Perhaps the one mark on Destiny 2’s record is its increased focus on microtransactions. The first game introduced paid cosmetic items and player emotes over time in a relatively inoffensive way, and that system returns here in an expanded capacity. There are way more and higher quality cosmetics than before, and you can actually earn a fair number of them for free just by playing the game (paying will only give you quite a few more of them faster). The one outrageous exception is the change to the shader system that previously let you dye all your gear the same color. On the upside, shaders can now be applied individually to each piece of armor, and also to every gun, sparrow, and ship in the game. On the downside, shaders are now single-use items that you’ll need to grind to obtain more of… unless you pay real money to get them faster, and even then you may not get the ones you want. And this is in a game where you change gear constantly and will lose those shaders sooner than you’d like. It’s a real shame to see Bungie regress a previously player-friendly customization system, seemingly in an effort to drive microtransactions.

It goes without saying that Destiny’s core shooting remains among the absolute best available on a console, but it’s worth noting that the game’s three classes and their three subclasses have been redesigned from the ground up to give you more interesting and consistent gameplay options. In contrast to Destiny’s confusing grid of ability bubbles, the subclass skill trees here are easily legible and are all split into two branches, each of which has a unifying theme. So if you want a gameplay style that revolves around getting aerial kills, or one that lets you recover health in multiple ways, or one that just lets you punch the hell out of everything, you can have that. The perks on a lot of exotic gear seem tailored to further enhance specific subclasses, and there’s also a fairly clever (if slightly confusing) new gear mod system that lets you add even more buffs to weapon handling, ability recharge rates, and so forth on each piece of gear. You can even use gear mods to change out the damage type on elemental weapons. Speaking of weapons, the first game’s primary/secondary/heavy system has given way to kinetic, energy, and power types. Now hand cannons and auto, scout, and pulse rifles can have elemental damage types and sit in both your first and second slots, letting you customize more thoroughly with weapon combinations you couldn’t use before. Shotguns and sniper rifles now hang out in the power category along with rocket launchers and swords, which certainly makes them a less frequent annoyance in the Crucible, and the game seems to be more generous with power ammo in PVE activities, so you still get to use those weapons plenty there. Just about everything related to the combat in Destiny 2 feels more varied and thoughtful than it did in the first game.

The new zones aren't quite as memorable as those of the first game, but some of them still look awfully neat.
The new zones aren’t quite as memorable as those of the first game, but some of them still look awfully neat.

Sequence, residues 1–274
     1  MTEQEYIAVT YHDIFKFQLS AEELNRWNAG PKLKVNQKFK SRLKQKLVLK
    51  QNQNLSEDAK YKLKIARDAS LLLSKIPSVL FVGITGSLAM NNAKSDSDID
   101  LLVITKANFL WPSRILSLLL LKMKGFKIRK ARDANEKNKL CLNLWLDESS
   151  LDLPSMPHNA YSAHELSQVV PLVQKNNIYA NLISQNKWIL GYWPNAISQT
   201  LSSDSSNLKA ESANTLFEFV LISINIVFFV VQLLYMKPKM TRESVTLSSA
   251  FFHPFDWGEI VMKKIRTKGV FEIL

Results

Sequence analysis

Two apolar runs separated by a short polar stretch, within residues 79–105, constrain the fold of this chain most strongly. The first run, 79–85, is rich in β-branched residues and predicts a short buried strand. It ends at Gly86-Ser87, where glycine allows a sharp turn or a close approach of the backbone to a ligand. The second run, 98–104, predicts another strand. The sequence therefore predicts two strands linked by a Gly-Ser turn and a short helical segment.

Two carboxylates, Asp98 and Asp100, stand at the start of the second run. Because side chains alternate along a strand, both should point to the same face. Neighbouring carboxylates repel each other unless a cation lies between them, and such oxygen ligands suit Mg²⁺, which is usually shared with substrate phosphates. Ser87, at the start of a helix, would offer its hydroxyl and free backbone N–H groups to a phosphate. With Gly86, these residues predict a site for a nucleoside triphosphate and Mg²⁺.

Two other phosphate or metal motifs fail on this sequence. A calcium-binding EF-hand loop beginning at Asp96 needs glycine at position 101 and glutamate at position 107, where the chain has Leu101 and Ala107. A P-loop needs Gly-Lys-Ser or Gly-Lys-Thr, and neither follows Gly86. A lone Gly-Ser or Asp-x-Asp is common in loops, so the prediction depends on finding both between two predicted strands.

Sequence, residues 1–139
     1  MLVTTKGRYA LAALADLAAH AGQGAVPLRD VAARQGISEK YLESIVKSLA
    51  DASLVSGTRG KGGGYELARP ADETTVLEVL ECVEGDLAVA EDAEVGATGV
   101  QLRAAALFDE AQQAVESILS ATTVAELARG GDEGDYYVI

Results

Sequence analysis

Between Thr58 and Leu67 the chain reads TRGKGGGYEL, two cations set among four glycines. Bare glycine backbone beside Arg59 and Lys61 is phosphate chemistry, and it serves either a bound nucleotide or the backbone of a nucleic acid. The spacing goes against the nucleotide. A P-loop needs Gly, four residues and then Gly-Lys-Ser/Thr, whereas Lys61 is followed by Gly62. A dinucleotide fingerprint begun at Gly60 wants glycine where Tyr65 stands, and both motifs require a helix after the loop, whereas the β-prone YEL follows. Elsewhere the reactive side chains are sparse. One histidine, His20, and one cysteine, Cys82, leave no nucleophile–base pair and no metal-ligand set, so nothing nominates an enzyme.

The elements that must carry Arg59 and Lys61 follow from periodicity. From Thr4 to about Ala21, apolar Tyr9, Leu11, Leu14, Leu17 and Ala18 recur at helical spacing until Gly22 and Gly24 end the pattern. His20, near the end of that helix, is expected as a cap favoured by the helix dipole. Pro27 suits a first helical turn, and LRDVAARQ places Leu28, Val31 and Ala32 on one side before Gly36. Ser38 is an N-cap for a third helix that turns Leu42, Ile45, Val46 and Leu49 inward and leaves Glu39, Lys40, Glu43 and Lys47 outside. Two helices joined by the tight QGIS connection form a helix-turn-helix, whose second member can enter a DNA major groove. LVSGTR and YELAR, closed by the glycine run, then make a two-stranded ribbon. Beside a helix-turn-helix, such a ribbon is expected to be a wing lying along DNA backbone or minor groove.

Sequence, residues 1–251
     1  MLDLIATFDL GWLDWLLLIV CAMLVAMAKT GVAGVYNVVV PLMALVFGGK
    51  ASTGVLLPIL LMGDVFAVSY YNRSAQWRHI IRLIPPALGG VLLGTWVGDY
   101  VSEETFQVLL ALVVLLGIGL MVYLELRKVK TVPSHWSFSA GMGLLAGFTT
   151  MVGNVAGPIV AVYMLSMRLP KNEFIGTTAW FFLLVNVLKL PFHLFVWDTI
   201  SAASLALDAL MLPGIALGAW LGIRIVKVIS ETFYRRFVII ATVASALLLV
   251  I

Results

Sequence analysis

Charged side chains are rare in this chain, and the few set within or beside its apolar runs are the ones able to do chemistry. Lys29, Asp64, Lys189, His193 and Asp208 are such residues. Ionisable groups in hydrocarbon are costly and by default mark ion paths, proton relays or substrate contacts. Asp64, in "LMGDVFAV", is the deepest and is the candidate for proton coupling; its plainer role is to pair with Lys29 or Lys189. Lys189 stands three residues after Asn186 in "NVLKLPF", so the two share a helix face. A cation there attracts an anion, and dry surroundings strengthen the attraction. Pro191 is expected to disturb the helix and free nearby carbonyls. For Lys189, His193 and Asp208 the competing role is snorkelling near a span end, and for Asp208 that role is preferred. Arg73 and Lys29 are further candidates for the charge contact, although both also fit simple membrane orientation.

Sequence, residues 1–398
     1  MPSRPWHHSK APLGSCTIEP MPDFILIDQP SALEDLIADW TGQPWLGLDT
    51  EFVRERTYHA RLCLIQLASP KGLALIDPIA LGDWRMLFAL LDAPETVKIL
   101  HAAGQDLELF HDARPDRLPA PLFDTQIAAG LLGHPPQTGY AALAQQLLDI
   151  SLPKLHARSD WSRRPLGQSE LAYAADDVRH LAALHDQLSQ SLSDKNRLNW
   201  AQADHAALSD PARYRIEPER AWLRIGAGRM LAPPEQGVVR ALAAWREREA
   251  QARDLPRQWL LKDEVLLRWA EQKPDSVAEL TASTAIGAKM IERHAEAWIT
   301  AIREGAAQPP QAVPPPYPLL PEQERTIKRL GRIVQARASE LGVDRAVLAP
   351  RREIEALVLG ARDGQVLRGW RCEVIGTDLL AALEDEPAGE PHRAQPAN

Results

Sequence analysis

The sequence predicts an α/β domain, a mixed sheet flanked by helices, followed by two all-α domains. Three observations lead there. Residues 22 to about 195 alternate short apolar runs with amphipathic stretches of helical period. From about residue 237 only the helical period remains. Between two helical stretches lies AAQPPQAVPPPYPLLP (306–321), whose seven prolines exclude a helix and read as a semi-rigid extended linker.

It shouldn’t be surprising to say the look and feel of Destiny 2 more than lives up to Bungie’s considerable pedigree, but that doesn’t diminish the sheer artistic accomplishment of the game. Even as I found some of the new planetary locations conceptually less interesting than those of the first Destiny, I also lost count of the times my jaw dropped open at some perfectly framed scene or elaborately lit tableau, especially in the raid and some of the strikes. There’s an increase in both the size and detail of the game’s environments over the first Destiny, probably owing to the focus on current console hardware this time around, and the second-to-last mission of the campaign in particular features some of the most breathtaking and larger-than-life imagery I can ever remember in a game. And while I sorely miss Marty O’Donnell’s signature percussion and the game could use a few more french horns, the Destiny 2 score has grown on me considerably over a few dozen hours. There are some really memorable themes in here, and the inclusion of the Kronos Quartet gives a couple of dramatic scenes some real emotional oomph.

Like with any loot game, you’ll eventually exhaust Destiny 2’s content, but unlike the first Destiny, you’ll likely feel a lot more satisfied when you do. The new raid, Leviathan, is much easier for new players to access in terms of gear requirements, and has an unexpected setting and some utterly wild visuals and moments, even though a couple of the encounters are infuriatingly inconsistent at the moment. Trials of the Nine has less stringent requirements than its incarnation in the first game as well, and if you play enough of it you might earn enough rep for an item or two even if you never manage to eke out seven consecutive wins. Bungie has also gotten better about communicating its roadmap for future content and is already teasing something called “Faction Rally” in the near future, and you can bet Iron Banner will worm its way back into the game some weekend soon. And this is all in advance of the first DLC pack coming in three months, which is rumored to contain an entire new planet to explore, provided you like this game enough to pay for more of it. That’s the biggest success of this sequel: it’s now good enough that you no longer need to make excuses about why you play so much Destiny. Destiny 2 may misstep in a couple of ways its predecessor didn’t, but it also shores up its fundamentals so thoroughly that the future for Destiny fans looks bright indeed.

Source: Giant Bomb Reviews Destiny 2 Review